# Nat-like Types, or Dynamic and Static Information

This is based on an explanation I gave on the Idris mailing list about using dependent types to prove that a Vector contains some element.

# The Skeleton

All of the types in this post will be variations of the `Nat`

type. If
you’ve not encountered it before, take a look at Peano
arithmetic.

`Nat`

`Nat`

has two constructors:

```
Z : Nat
S : Nat -> Nat
```

These can be combined in an infinite number of ways: `Z`

, `S Z`

,
`S (S Z)`

,
etc.

From a static (typing) point of view, `Nat`

doesn’t
tell us very much at all, since it can always be trivially satisfied
with `Z`

(`Z`

is a
lot like `()`

or `NULL`

).

From a dynamic (value) point of view, the only thing a `Nat`

tells us
is how many `S`

constructors
it has.

Hence, we can think of `Nat`

as being
the Natural numbers (the ‘counting numbers’, where we’re counting how
many `S`

wrappers there are around `Z`

).

We can define types similar to `Nat`

which are
more informative, both statically (stronger types) and dynamically
(contain more data).

# Static Information

These types start with `Nat`

and add
*static* information (ie. stronger types).

`Exactly n`

We can define a strange type `Exactly n`

which is like `Nat`

, except it
stores a `Nat`

in its
type too:

```
data Exactly : Nat -> Type where
: Exactly Z
eZ : Exactly n -> Exactly (S n) eS
```

Dynamically, an `Exactly n`

value is like a `Nat`

: all we
can use it for is counting. We can see this if we throw away the static
information:

```
: Exactly n -> Nat
plain = Z
plain eZ = S (plain n) plain (eS n)
```

However, we have more static information: an `Exactly n`

value will have `n`

occurences of
the `eS`

constructor, hence it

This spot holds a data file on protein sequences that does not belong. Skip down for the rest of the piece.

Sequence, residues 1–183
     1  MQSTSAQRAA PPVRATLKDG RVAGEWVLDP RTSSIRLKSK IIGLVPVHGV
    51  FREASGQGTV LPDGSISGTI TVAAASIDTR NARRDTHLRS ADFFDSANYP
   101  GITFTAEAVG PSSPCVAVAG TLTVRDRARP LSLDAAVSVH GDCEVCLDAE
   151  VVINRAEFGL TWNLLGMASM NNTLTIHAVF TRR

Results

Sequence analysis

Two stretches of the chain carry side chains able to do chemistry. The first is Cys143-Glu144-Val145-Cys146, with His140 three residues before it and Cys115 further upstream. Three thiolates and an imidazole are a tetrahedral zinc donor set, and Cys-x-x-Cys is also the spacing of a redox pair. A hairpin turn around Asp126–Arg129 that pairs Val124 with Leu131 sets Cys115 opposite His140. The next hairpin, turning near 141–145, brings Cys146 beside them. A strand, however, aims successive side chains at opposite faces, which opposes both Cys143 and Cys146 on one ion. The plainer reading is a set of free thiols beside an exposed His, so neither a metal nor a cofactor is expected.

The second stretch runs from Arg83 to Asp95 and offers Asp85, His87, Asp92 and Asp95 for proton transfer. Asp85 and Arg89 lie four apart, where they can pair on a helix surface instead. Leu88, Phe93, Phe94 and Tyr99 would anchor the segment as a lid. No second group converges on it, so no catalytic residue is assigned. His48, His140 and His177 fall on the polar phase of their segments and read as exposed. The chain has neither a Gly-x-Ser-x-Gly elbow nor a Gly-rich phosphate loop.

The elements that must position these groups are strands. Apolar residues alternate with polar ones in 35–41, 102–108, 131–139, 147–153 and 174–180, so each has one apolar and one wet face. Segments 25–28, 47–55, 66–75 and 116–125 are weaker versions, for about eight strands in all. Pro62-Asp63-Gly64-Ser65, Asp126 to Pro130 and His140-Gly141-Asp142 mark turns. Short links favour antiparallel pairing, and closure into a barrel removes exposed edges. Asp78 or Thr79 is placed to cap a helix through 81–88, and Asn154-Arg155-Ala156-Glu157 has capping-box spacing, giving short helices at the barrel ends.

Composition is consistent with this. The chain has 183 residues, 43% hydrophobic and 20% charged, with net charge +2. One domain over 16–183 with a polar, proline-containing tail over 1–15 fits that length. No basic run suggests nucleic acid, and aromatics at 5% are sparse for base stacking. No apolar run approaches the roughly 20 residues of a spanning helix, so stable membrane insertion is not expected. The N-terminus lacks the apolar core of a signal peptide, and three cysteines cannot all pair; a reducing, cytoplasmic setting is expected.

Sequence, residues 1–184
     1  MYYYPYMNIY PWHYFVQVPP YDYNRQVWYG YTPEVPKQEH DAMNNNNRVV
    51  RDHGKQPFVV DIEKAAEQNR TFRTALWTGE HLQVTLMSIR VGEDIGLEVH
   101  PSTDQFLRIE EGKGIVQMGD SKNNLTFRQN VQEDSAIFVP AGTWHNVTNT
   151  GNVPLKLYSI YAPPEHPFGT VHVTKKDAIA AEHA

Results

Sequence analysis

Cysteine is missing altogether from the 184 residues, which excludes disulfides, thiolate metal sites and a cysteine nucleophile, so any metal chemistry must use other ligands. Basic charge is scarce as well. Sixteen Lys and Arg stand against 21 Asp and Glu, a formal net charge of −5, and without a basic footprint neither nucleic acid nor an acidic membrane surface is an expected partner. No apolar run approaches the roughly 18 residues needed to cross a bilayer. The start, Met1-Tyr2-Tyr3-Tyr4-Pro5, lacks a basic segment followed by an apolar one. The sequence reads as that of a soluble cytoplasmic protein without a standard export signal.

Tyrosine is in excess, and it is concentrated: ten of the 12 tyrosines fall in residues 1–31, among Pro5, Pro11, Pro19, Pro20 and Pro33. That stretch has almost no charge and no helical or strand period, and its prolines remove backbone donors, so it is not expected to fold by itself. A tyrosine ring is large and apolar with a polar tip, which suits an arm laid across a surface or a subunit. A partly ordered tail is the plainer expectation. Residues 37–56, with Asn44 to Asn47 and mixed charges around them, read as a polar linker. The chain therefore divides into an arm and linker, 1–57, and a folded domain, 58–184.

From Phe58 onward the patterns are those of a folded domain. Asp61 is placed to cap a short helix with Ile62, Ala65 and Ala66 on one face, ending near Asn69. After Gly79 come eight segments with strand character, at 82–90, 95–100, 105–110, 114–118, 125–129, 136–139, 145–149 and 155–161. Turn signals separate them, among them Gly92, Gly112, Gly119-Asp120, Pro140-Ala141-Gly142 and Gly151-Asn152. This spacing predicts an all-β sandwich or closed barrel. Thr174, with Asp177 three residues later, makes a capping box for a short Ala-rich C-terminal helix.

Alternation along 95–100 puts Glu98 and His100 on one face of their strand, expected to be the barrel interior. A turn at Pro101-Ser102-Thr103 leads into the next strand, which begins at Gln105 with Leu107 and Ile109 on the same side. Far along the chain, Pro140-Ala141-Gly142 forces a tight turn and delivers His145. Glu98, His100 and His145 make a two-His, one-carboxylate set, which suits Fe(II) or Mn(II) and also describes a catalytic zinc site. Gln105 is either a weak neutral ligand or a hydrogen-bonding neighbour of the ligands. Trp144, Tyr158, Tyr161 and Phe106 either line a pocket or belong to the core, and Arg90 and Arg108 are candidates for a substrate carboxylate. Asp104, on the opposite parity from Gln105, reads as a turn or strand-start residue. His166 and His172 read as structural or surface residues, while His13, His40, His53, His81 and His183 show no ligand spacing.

guarantees the following:

```
: n -> Exactly n -> Bool
guarantee = plain e == n guarantee n e
```

In other words, `Exactly n`

is
like ‘all Naturals which are equal to `n`

’.

`Fin t`

We can change our constructors slightly to make a useful type called
`Fin n`

,
which is a lot like `Exactly n`

except for the guarantee that it provides. It has two constructors, just
like `Nat`

and `Exactly n`

:

```
: Fin (S n)
fZ : Fin n -> Fin (S n) fS
```

Once again, we can throw away the type information to get back to
`Nat`

:

```
: Fin n -> Nat
plain = Z
plain fZ = S (plain n) plain (fS n)
```

Hence, dynamically a `Fin n`

is also
just a counter like `Nat`

.

Statically, the guarantee we get from `Fin n`

is that
it has exactly `n`

possible values
(try it for `n`

= `0`

, `1`

, `2`

, … and
see!).

The extra type information guarantees that:

```
: n -> Fin n -> Bool
fin = plain f < n fin n f
```

Hence we can think of `Fin n`

as being
like ‘the Naturals up to `n`

’. For
more info, see this
informative StackOverflow answer

`NatLTE n m`

`NatLTE n m`

is
like `Exactly n`

but
it stores *two* `Nat`

arguments
in its type. Again, its constructors follow the same basic pattern as
`Nat`

:

```
: NatLTE n n
nEqn : NatLTE n m -> NatLTE n (S m) nLTESm
```

We can throw away the type info to get:

```
: NatLTE n m -> Nat
plain = Z
plain nEqn = S (plain n) plain (nLTESm n)
```

Notice that again, dynamically we’re just left with a counter. However, we have some static guarantees about the value of that counter.

Notice that the two `Nat`

values in
our type must start out the same, although unlike `eZ`

they can start at any value. Just
like `eS`

and `fS`

, we add an `S`

with the
`nLTESm`

wrapper, although we also
have another `Nat`

which gets
passed along unchanged.

The guarantee for `NatLTE n m`

is:

```
: n -> m -> NatLTE n m -> Bool
guarantee = n + (plain x) == m guarantee n m x
```

Hence we can think of `NatLTE n m`

as
being ‘`Nat`

s which,
when added to `n`

, produce `m`

’ or equivalently ‘proof that `n`

is less than or equal to `m`

’.

`Elem x xs`

`Elem x xs`

is
like `NatLTE n m`

except its type can contain more than just `Nat`

values.
Again, its constructors follow the same basic pattern as `Nat`

:

```
Here : Elem x (x::xs)
There : Elem x xs -> Elem x (y::xs)
```

We can throw away the type information to get a `Nat`

:

```
: Elem x xs -> Nat
plain Here = Z
plain There n) = S (plain n) plain (
```

Again, dynamically a value of `Elem x xs`

is
only useful as a counter. The static guarantee we get is the
following:

```
: x -> xs -> Elem x xs -> Bool
guarantee = index' (plain e) xs == Just x guarantee x xs e
```

It does this by using `Here : Elem x xs`

to tells us that `x`

is the head
of `xs`

, whilst `There`

tells us
that `x`

appears somewhere in the
tail of `xs`

.